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Plains to build Cactus crude pipeline in West Texas

04.15.2013  | 

Plains said the pipeline is expected to transport both sweet and sour crude oil from the Permian Basin to the Eagle Ford pipeline it operates as part of a joint venture with Enterprise Products. The Eagle Ford pipeline serves markets in Three Rivers, Texas, and Corpus Christi, Texas.

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By SAABIRA CHAUDHURI

Plains All American Pipeline said it is constructing a new 310-mile, 20-inch crude-oil pipeline from McCamey, Texas, to Gardendale, Texas.

The pipeline, called the Cactus pipeline, is expected to be placed into service in the first quarter of 2015.

Plains said it has entered into a letter of intent with a third party regarding a long-term commitment for a majority of the pipeline's capacity and is in discussions with several potential shippers for the remaining capacity.

Total project investment is expected to range from $350 million to $375 million.

It said the pipeline is expected to transport both sweet and sour crude oil from the Permian Basin to the Eagle Ford pipeline it operates as part of a joint venture with Enterprise Products. The Eagle Ford pipeline serves markets in Three Rivers, Texas, and Corpus Christi, Texas, and can supply the Houston-area market through a connection to Enterprise Products' south Texas crude-oil pipeline.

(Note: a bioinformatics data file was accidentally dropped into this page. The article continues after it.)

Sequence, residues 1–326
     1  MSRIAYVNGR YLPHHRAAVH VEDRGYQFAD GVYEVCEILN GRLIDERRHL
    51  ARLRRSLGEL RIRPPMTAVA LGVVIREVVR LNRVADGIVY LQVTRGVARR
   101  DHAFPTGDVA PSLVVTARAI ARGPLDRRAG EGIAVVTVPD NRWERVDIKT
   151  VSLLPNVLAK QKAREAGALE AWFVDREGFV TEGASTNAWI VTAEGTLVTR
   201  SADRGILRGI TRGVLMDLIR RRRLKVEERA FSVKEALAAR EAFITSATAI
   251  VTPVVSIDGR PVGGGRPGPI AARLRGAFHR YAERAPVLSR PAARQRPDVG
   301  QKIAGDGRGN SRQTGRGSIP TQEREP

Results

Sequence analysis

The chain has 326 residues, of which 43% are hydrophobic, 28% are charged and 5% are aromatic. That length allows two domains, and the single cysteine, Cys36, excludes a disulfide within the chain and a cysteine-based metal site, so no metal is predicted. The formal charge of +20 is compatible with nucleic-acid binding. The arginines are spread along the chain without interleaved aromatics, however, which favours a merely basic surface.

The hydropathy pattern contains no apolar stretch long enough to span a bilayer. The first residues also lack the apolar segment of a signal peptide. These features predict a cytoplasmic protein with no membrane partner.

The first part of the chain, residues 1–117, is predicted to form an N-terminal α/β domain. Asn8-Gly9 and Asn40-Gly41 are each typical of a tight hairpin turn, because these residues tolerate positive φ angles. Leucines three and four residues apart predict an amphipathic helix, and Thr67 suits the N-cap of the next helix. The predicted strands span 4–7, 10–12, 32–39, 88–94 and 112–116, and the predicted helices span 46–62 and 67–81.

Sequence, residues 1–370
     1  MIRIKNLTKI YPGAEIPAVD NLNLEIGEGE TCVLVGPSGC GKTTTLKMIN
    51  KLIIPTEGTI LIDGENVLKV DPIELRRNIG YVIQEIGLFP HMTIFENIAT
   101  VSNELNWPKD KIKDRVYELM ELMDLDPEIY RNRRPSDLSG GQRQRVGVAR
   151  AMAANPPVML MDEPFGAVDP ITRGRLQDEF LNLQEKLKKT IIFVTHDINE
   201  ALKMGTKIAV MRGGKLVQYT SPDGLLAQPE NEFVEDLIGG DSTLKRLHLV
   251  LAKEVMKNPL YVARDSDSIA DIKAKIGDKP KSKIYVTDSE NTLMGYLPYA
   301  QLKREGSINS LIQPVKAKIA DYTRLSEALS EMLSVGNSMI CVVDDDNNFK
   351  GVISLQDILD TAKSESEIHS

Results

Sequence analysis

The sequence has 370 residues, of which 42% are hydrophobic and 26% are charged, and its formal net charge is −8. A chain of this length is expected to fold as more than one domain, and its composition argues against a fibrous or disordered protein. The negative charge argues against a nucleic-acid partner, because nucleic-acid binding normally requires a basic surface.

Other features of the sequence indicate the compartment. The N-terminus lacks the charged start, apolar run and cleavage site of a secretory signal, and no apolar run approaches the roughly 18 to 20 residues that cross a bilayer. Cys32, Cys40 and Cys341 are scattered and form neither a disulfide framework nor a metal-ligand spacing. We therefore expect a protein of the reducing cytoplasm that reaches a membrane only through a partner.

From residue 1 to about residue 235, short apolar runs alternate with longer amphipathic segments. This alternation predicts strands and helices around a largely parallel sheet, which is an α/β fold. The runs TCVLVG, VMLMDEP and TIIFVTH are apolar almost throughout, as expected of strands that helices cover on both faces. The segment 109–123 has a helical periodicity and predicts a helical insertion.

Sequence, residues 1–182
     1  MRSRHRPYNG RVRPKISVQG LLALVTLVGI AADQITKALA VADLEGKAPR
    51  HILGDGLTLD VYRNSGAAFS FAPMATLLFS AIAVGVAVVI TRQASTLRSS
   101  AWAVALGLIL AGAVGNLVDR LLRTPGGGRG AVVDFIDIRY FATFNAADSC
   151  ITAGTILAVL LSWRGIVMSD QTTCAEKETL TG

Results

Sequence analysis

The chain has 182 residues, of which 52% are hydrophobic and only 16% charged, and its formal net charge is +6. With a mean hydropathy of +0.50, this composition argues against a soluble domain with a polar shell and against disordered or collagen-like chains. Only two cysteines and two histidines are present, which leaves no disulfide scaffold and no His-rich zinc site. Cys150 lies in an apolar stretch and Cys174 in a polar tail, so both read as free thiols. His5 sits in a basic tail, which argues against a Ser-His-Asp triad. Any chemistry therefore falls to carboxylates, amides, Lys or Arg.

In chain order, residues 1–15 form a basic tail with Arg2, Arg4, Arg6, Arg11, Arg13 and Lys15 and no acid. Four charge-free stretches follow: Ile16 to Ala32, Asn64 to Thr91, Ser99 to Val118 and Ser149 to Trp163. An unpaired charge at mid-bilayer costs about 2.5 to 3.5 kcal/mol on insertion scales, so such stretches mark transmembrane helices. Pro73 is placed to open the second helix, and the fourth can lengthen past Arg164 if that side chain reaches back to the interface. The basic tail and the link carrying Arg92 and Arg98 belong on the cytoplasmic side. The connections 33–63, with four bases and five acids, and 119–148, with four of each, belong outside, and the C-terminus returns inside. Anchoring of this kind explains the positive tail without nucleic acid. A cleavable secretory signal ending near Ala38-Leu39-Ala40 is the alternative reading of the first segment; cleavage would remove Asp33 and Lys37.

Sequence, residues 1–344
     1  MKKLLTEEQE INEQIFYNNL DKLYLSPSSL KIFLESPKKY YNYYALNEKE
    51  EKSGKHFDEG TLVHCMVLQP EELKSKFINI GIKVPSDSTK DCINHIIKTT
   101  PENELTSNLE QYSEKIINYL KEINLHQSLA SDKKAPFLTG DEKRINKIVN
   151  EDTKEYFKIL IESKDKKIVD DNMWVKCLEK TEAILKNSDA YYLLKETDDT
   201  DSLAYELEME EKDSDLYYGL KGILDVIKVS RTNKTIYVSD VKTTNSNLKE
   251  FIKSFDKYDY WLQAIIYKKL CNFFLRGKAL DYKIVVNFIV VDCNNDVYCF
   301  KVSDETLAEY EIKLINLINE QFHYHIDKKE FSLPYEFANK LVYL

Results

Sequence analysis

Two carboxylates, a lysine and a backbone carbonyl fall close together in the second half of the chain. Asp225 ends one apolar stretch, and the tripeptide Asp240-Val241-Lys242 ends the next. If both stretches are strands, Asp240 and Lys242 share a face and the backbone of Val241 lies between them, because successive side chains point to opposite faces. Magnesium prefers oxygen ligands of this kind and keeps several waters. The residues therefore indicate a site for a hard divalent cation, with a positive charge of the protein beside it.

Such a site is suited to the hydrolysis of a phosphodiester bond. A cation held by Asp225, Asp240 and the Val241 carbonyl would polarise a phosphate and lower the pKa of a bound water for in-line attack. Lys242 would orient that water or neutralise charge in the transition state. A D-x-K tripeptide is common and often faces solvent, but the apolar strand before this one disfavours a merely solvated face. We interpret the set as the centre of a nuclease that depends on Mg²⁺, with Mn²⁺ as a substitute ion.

Plains noted that crude oil delivered through the Cactus pipeline will have access to rail-loading capacity at the Gardendale, Texas, station operated by PAA Natural Gas Storage and access to the Eagle Ford barge-dock facility in the Corpus Christi area.

Plains holds a 48% stake in PAA, the company's gas-storage spinoff.

Plains added that the Cactus pipeline will initially be designed to have a capacity of about 200,000 bpd, which can be increased as demand warrants.

In February, Magellan Midstream agreed to buy Plains' noncore refined-product pipelines and related assets in the Rocky Mountain and New Mexico areas for about $190 million.

Plains has experienced strong demand as it benefits from a huge boost in the US supply of onshore oil and natural gas. While many producers have suffered from lower natural-gas prices caused by a glut in the market, pipeline companies still profit from moving increasingly large quantities of the commodity.


Dow Jones Newswires



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